The San Andreas Fault (SAF) is a continental transform fault that exists as a consequence of the relative motion of the Pacific and North American Plates. Differential SAR interferometry (DInSAR) particularly with a time-series analysis is an effective tool for long-term monitoring of the SAF. Radar interferometric phase, however, contains unwanted noises originated from atmosphere as well as observation system. For studying characteristics of interferometric phase at the southern end of the SAF zone, ERS-1/2 data, acquired from 1992 to 1999, and ENVISAT data, from 2003 to the present, were utilized. Troposphere interference and orbit error were the most significant sources of errors. Since the phase noise highly correlates with topographic elevation, a simulated interferogram from topographic elevation was utilized to compensate for the tropospheric signal delay. After subtracting the simulated phase from each DInSAR interferogram, more reliable results were obtained. These results are supported by comparison with the geodetic GPS data set.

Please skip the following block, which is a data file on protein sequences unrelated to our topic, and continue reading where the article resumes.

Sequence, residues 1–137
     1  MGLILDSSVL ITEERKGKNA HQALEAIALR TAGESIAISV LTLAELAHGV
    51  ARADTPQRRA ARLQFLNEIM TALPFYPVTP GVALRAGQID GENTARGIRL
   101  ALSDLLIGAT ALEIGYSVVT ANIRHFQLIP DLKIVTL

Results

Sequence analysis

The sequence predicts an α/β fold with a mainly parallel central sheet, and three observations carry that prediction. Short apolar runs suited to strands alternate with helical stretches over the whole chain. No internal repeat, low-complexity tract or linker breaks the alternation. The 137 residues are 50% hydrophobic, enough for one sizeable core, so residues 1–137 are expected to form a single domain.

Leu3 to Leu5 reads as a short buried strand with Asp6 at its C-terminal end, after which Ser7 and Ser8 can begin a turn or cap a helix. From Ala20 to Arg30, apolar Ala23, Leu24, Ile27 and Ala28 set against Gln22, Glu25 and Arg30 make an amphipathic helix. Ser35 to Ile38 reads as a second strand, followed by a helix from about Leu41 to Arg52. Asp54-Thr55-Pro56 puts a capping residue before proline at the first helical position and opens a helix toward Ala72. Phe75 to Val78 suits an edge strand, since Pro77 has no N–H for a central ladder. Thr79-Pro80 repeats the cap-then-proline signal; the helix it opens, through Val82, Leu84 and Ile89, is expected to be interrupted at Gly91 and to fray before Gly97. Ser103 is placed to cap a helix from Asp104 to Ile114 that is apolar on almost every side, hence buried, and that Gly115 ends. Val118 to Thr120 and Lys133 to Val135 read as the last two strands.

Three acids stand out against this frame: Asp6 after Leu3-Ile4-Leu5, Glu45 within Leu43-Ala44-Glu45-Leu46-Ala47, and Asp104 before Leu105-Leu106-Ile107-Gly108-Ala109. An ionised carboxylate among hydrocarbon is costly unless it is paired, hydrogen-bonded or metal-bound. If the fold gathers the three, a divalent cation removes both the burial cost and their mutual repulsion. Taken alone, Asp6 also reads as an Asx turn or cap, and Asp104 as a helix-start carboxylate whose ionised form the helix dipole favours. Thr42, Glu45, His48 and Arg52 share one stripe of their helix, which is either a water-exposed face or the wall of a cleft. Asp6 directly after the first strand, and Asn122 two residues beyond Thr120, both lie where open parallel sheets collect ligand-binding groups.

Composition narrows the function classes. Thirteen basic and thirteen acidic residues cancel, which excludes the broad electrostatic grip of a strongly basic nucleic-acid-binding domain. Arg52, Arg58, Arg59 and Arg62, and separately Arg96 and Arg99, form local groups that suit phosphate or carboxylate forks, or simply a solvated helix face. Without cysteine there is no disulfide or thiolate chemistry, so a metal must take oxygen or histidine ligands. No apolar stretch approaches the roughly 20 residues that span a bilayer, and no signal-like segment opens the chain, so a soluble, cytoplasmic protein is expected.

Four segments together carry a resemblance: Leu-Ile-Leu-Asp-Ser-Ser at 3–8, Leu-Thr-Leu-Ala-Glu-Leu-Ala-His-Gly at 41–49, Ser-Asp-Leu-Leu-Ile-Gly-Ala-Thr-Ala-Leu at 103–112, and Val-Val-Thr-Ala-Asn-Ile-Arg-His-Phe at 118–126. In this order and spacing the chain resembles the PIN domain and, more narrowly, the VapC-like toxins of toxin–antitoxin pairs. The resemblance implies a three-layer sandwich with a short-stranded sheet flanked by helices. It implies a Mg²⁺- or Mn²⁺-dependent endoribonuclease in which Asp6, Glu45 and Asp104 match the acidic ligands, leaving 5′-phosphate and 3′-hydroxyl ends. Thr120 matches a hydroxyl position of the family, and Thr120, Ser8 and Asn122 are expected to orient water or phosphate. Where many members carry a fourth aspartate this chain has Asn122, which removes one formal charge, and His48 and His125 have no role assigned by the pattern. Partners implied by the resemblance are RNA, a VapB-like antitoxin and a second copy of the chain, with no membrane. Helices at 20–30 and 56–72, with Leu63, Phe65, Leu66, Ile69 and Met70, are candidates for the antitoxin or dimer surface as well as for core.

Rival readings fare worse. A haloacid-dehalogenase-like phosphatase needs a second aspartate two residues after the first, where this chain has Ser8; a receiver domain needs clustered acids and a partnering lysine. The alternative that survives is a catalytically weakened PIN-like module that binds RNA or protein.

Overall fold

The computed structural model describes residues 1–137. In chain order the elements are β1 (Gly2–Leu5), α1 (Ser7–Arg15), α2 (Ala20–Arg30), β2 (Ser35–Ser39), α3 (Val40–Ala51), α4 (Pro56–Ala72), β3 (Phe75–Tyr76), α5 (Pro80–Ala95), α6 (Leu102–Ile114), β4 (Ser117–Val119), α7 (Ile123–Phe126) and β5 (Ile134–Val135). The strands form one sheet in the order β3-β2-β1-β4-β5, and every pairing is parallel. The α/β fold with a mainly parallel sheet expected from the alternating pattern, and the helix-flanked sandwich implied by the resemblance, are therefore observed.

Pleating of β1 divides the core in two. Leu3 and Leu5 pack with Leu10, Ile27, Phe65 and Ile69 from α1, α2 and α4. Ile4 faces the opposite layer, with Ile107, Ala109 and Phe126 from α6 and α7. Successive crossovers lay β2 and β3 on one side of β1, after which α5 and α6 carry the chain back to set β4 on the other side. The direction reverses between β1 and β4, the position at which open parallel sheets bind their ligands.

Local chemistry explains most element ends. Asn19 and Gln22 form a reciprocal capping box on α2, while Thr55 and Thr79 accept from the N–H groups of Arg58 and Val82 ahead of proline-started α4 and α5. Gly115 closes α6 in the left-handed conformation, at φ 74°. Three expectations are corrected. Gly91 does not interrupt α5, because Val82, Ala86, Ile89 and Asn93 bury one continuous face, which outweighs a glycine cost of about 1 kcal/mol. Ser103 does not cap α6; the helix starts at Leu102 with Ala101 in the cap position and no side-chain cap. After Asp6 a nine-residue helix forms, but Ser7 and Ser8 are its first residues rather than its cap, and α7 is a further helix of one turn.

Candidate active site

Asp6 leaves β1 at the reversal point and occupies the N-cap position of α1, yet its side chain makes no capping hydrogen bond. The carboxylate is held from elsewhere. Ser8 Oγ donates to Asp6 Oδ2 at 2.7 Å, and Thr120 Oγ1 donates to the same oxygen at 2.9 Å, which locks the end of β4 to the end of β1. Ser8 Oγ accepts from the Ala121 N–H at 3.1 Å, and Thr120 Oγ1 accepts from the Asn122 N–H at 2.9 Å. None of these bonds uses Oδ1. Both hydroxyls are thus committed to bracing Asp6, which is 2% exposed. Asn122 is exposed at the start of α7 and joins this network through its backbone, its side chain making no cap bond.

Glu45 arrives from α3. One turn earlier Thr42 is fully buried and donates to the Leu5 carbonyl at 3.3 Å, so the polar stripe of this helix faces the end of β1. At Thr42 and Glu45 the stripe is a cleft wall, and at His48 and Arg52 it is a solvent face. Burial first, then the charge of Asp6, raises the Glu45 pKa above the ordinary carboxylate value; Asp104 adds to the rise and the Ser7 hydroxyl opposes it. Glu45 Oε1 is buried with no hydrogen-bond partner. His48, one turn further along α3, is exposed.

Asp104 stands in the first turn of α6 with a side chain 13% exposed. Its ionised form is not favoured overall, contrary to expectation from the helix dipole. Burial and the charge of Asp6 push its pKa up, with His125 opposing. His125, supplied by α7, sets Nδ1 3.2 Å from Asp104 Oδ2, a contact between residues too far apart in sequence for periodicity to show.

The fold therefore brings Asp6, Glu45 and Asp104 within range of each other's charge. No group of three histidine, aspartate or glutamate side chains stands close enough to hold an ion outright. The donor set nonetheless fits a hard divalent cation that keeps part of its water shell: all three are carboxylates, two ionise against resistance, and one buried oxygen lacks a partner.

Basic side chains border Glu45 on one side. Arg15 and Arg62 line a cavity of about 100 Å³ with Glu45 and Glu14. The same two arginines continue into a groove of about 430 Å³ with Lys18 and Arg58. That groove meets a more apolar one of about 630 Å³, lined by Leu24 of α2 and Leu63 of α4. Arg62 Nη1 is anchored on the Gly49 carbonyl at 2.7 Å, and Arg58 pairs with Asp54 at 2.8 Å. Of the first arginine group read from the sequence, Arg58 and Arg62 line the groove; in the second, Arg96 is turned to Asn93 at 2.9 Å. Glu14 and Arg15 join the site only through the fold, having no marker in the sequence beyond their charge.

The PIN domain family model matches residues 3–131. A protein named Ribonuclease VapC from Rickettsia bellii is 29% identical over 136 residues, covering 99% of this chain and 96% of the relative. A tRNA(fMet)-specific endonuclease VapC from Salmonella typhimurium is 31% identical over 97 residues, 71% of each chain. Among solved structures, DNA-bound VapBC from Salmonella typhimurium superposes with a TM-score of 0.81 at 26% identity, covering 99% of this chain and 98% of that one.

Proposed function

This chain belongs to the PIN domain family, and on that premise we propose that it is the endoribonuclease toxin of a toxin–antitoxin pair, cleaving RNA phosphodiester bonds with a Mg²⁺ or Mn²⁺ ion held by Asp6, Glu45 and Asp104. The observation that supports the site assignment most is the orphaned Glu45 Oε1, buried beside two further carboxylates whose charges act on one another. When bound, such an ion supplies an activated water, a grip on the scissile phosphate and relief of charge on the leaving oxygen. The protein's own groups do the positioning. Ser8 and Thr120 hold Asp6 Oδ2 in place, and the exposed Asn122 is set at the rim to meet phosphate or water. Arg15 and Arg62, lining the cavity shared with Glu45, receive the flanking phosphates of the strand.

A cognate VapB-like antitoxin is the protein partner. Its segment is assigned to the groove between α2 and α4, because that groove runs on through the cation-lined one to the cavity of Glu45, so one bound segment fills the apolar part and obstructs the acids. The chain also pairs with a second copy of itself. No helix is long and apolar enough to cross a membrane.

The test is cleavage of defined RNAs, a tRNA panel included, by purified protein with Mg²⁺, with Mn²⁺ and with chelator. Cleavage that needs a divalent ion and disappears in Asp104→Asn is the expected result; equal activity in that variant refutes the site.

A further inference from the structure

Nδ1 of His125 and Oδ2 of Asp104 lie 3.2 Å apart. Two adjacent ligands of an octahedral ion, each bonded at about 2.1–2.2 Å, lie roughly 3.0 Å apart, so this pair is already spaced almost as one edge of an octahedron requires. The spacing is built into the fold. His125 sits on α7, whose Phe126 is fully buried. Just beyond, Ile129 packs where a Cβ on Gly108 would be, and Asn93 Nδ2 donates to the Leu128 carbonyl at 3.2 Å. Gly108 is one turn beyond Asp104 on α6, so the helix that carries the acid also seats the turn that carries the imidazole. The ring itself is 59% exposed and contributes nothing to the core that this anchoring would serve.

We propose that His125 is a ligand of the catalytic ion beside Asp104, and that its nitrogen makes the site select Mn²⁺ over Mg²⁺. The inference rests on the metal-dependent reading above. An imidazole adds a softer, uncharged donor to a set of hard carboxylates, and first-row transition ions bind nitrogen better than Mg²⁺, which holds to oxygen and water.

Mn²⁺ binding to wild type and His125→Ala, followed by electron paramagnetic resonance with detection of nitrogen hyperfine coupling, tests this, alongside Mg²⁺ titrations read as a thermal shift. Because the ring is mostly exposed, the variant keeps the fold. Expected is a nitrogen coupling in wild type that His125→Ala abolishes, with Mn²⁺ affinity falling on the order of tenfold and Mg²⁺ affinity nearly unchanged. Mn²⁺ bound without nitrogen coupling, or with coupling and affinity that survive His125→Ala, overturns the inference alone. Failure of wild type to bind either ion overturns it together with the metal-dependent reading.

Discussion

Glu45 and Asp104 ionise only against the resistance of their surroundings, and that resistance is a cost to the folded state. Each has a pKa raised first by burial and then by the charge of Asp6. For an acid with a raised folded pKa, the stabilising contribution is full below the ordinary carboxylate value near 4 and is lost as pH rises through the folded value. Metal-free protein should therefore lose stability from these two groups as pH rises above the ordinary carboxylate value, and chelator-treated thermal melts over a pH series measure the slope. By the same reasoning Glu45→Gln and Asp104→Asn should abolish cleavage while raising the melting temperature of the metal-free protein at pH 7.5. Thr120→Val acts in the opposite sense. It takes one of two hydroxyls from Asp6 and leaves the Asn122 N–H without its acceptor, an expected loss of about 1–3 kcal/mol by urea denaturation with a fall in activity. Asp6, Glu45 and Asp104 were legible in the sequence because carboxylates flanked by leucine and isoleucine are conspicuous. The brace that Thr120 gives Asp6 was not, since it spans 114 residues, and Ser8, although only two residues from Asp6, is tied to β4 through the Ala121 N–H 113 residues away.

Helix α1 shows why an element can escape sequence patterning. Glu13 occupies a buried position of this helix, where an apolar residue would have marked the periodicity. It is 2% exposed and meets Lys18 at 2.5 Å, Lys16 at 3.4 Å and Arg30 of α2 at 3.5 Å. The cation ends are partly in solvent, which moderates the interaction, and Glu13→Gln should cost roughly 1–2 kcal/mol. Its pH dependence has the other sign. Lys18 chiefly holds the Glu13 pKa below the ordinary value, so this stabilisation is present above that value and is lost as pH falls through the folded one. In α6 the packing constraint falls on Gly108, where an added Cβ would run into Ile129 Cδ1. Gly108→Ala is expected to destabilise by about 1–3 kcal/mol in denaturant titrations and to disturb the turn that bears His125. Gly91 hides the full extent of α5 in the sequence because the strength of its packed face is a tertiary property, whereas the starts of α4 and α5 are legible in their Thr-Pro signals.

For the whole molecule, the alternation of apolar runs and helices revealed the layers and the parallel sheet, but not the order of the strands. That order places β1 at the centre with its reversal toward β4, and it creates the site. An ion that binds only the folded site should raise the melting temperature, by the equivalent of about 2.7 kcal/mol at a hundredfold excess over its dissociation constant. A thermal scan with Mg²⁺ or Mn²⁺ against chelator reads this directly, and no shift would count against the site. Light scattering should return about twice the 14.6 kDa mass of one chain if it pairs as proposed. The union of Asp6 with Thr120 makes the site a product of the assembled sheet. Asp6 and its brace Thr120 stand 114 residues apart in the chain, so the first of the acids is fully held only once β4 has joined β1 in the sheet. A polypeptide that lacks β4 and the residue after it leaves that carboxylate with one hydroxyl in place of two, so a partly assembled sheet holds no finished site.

Bibliographical noteFunding Information:
ACKNOWLEDGMENTS: This work was supported by the Korea Research Foundation Grant (KRF–2009–013–C00051). This study has also been carried out under the Nuclear R&D Program [No. 2010–0001070] supported by the Ministry of Education, Science and Technology, Republic of Korea.
All Science Journal Classification (ASJC) codes
- Environmental Science(all)
- Earth and Planetary Sciences(all)